Abstract

When a coherent superposition of Rydberg states is excited by a laser pulse, a Rydberg wave packet is created. These wave packets are supremely quantum mechanical objects. However, they can be constructed to display classical, nearly classical, or semiclassical behavior, and thus serve as a natural bridge between the microscopic and mesoscopic worlds. In addition, their comparative simplicity allows detailed studies of the fundamental interactions of light with matter. The authors of this focus issue were invited to submit papers that reflect both the range of dynamical behavior exhibited by Rydberg wave packets, and the depth of understanding of them that is possible with current experiments and theory. In particular, the papers in this issue illustrate the possibility that emerging laser technology can be used not only to observe quantum behavior, but also to control it.

© Optical Society of America

Introduction

When a coherent superposition of Rydberg states is excited by a laser pulse, a Rydberg wave packet is created. These wave packets are supremely quantum mechanical objects. However, they can be constructed to display classical, nearly classical, or semiclassical behavior, and thus serve as a natural bridge between the microscopic and mesoscopic worlds. In addition, their comparative simplicity allows detailed studies of the fundamental interactions of light with matter.

The authors of this focus issue were invited to submit papers that reflect both the range of dynamical behavior exhibited by Rydberg wave packets, and the depth of understanding of them that is possible with current experiments and theory. In particular, the papers in this issue illustrate the possibility that emerging laser technology can be used not only to observe quantum behavior, but also to control it.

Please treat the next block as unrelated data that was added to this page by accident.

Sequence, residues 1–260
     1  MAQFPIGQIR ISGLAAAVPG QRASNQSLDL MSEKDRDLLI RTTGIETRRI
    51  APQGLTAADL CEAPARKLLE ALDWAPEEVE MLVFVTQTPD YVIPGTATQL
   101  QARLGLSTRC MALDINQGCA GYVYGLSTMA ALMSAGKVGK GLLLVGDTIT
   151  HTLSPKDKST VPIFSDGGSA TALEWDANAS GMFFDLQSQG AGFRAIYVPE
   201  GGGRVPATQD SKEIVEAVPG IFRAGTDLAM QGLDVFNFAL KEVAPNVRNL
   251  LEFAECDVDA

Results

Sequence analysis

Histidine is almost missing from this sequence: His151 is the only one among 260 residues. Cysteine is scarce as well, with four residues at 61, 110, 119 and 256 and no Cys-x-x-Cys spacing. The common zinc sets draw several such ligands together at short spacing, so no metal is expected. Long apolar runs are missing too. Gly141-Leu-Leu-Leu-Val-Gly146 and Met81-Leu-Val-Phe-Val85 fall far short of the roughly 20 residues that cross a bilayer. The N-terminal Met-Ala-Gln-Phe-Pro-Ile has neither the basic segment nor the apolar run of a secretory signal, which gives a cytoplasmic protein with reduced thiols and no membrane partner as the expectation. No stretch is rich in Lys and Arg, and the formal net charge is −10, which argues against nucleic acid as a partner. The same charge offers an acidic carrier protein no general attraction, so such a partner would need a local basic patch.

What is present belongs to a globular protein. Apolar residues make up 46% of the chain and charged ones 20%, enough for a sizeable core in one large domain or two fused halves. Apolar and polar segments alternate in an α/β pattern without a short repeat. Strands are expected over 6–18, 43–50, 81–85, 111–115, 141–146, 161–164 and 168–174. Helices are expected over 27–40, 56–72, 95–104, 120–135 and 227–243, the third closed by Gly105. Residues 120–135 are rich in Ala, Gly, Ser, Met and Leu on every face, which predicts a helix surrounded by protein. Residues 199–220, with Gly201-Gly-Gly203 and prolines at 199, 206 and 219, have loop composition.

The paper by Noel and Stroud presents theory and experiment demonstrating the use of a train of phase-locked, ultrafast laser pulses to control the evolution of Rydberg wave packets. They show that adjusting the relative phase between the pulses allows a selective destruction of chosen eigenstates in the distribution. Raman, DeCamp and Bucksbaum demonstrate an alternative way to control Rydberg wave packets, using shaped THz pulses. They show that these pulses can selectively redistribute the eigenstate populations, causing resonant population transfer among chosen states. Campbell, Bensky and Jones report on the development of an instrument that allows monitoring of Rydberg wave packets with a single pair of laser fields. This device overcomes many of the problems inherent in traditional pump-probe techniques, and allows the design of an entirely new class of experiments. Alber and Eggers discuss the excitation of Rydberg wave packets with a fluctuating cw-laser field They show that the destruction of quantum interference by the fluctuations leads to a variety of novel effects, such as diffusion and stochastic ionization. Schafer and Krause point out that exciting a Stark manifold results in a complicated wave packet with a time-dependent dipole moment, and an attendant burst of coherent photon emission. They suggest that Stark wave packets might be used as a source of tunable THz radiation. Kalinski and Eberly investigate the possibility of controlling electrons captured in a special class of non-spreading wave packets called Trojan states. They show that applying an adiabatically chirped pulse to a Trojan wave packet results in selective compression or decompression of the packet. Finally, Lee, Farrelly and Uzer explore the creation of wave packets localized in orbits analogous to Bohr’s planetary orbits. They show that under appropriate conditions, an electron can be forced into a stable orbit akin to a charged particle in the ring of a giant planet.

I would like to thank the authors for their contributions, and for their willingness to participate in the new form of publication provided by Optics Express.

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